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February 3, 2016 05:55 PM

Toby Smith learns that Amy Sargeant is not a UNM tennis player.  

AmyHeadShotAmy Sargeant stands 5-foot-3 inches, is slight of build, small of voice and young of face. She could easily pass as a Lobo player, which this writer assumed she was upon first glimpse. Instead, she is the assistant coach of the Lobo women’s team. She is 26 years old and has been playing competitively since the age of 9.  
A native of Birmingham, England, Sargeant came to UNM last fall, following a fine playing career at Florida State University. Before and after her time at FSU, she spent a total of 18 months on the ITF circuit as a professional who did not like to lose.

How did you happen to wind up at New Mexico?

In August 2013, I played the U.S. Open national qualifier as the winner from the Florida region.  In the last round, at New Haven, Connecticut, I played Kelcy McKenna, who had won the Southwest regional.  Kelcy beat me in three tough sets. What I remember most was that Kelcy never got down on herself as she played. Last year Jennifer Hyde, my coach at FSU, told me that the UNM coach (Erica Jasper) had left and that Kelcy McKenna, who had been her assistant, was promoted and she might need an assistant. I didn’t have a campus interview, but we spoke on the phone many times.

Did Kelcy remember playing you in the U.S. Open Nationals?

Oh, yes. She often relives her hard-fought victory. [Laughs.]

Growing up in Birmingham is not exactly like growing up in, say, Palm Springs, is it?

Not at all. Birmingham is a blue-collar city.  It’s where the industrial revolution started.

So how did you discover tennis there?

My dad had played some tennis when he was young. He kind of pushed me toward tennis. My parents helped me by sending me to the Tipton Sports Academy, not too far from Birmingham. It has indoor and outdoor tennis courts. Ron Allan was my coach there for 11 years.  

Were you ever called “Sarge?

I was as a young girl. But now that I’m a grown-up, I’m called “Coach Amy.”

You hit a one-handed backhand, which you rarely see among young women these days. How did that come about?

As a girl, I really liked Justine Henin’s backhand. Henin is short, like me, about 5-feet-4.  She hit her one-handed backhand with her arm close to her body.  I‘m more comfortable swinging my arms out when I hit a one-hander.  

If you grow up in England, you must like soccer.  Did you play?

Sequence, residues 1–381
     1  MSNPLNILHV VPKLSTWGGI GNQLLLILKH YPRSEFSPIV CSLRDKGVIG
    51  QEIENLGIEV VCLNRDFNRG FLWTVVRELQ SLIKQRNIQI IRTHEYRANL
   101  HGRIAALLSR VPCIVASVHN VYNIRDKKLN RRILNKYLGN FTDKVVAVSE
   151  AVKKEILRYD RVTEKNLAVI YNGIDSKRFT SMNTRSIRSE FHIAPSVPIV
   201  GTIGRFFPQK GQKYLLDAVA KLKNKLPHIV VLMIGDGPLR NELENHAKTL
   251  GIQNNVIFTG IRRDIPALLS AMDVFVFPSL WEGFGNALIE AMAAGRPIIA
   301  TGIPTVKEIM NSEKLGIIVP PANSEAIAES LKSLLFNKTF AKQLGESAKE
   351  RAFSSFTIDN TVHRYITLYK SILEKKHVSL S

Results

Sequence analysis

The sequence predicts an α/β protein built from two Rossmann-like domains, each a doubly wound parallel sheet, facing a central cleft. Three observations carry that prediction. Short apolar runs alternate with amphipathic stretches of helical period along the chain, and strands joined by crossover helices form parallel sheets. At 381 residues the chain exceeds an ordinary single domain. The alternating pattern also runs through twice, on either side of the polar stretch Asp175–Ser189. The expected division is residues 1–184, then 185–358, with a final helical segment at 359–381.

I played a lot as an under-12.  I played semi-pro soccer, left-mid—until was 14.  I love the competition of tennis, but I love soccer, too. You can’t do both, though.

You turned professional after high school. How did that work out?

I beat some good players, Naomi Brody, was one.  I had some good wins on tour. But the tour is so hard.  It’s so tough to make it through three rounds of qualies in a $10,000 tournament. My parents couldn’t really help me financially. We’re a working-class family. I have a brother and a sister. My mother’s a hairdresser and my father is a plumber.  

Amy_Sargeant_4-14-13_Ross_Obley_(2)So what caused you to come to the U.S.?

I wanted to please my dad. He wanted me to keep playing tennis, but he couldn’t support me. On tour, I met Nicola Slater, who is from Scotland.  She had played for Florida State and she got me interested in going there.

Had you ever been in the U.S.?

I’d been to Florida, to Miami. I played the Orange Bowl several times, as a junior.

How did you do in Tallahassee?

I played 3 or 4 on the women’s team. I think I could have been No. 1 or 2 but I had two surgeries on my left hip while there.  My highest ranking in college singles was 89.  That was the second highest ever for Florida State women.

But you finished, didn’t you?

Yes, I graduated with a B.S. in sport management. I was a good student. I had 3.5 GPA and made the president’s list and the dean’s list.

After graduation from Florida State, what did you do?

I went back to the professional circuit for a bit. That was difficult because I developed a stress fracture in the small of my back.  I decided to return to Florida where I became a volunteer assistant on the FSU women’s team. While doing that, I began to work on an M.A. in sport management, which I received.    

What do you expect of college players?

I want them to enjoy themselves, but to play hard. I tell them when you compete, play like it’s your last match.

What do you like best about your job?

I’ve always loved the camaraderie of playing as a team.  I’m trying to get the women here to have that. College tennis is all about staying healthy and staying focused. It’s all up here. [Taps the side of her with one finger.]. It’s about discipline, too. In the classroom and on the court. You need to learn how to build points when you play at this level. You’re not going to hit a winner from six feet behind the baseline. There are only seven women playing tennis at UNM, so I can be the eighth when we practice. I still love to play. It’s always nice for the team to play the coach and beat the coach.[Laughs.]

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